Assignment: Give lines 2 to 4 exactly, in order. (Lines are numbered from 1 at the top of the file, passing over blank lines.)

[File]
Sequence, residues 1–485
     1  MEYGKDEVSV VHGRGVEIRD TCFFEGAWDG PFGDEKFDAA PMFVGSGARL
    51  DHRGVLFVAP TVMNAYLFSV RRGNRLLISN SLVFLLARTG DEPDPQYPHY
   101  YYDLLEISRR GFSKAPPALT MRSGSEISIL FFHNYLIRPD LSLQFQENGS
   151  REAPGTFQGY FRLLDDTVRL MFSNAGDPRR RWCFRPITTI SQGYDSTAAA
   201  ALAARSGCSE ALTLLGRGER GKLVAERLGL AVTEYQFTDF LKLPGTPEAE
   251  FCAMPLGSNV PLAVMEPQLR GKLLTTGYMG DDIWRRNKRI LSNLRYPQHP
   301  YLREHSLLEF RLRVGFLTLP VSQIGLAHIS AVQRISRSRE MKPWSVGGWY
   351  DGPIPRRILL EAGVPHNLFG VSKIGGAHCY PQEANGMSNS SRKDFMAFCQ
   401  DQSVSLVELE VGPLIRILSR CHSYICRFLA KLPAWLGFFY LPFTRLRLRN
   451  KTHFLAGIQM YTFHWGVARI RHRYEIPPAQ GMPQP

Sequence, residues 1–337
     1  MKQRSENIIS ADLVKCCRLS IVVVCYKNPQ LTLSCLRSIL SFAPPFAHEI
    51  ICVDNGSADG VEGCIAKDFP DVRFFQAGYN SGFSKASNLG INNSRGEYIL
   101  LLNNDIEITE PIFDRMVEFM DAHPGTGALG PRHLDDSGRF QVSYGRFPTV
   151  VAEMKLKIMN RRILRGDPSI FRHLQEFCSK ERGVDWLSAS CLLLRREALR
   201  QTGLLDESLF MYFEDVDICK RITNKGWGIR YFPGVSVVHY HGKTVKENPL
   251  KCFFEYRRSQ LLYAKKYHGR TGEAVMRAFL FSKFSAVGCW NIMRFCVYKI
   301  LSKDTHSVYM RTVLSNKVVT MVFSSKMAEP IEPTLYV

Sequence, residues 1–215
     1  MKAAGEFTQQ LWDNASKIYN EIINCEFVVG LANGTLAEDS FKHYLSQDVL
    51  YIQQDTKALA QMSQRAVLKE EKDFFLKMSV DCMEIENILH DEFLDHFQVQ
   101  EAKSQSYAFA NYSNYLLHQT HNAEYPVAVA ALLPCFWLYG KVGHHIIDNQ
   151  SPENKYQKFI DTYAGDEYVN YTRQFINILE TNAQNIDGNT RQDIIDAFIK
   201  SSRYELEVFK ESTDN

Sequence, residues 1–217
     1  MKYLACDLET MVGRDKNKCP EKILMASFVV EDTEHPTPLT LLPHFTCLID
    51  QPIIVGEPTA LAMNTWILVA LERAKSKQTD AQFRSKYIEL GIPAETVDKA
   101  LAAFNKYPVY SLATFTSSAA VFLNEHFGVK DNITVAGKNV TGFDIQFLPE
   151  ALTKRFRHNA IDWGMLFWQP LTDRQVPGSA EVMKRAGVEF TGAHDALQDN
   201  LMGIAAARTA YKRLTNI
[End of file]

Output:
     1  MEYGKDEVSV VHGRGVEIRD TCFFEGAWDG PFGDEKFDAA PMFVGSGARL
    51  DHRGVLFVAP TVMNAYLFSV RRGNRLLISN SLVFLLARTG DEPDPQYPHY
   101  YYDLLEISRR GFSKAPPALT MRSGSEISIL FFHNYLIRPD LSLQFQENGS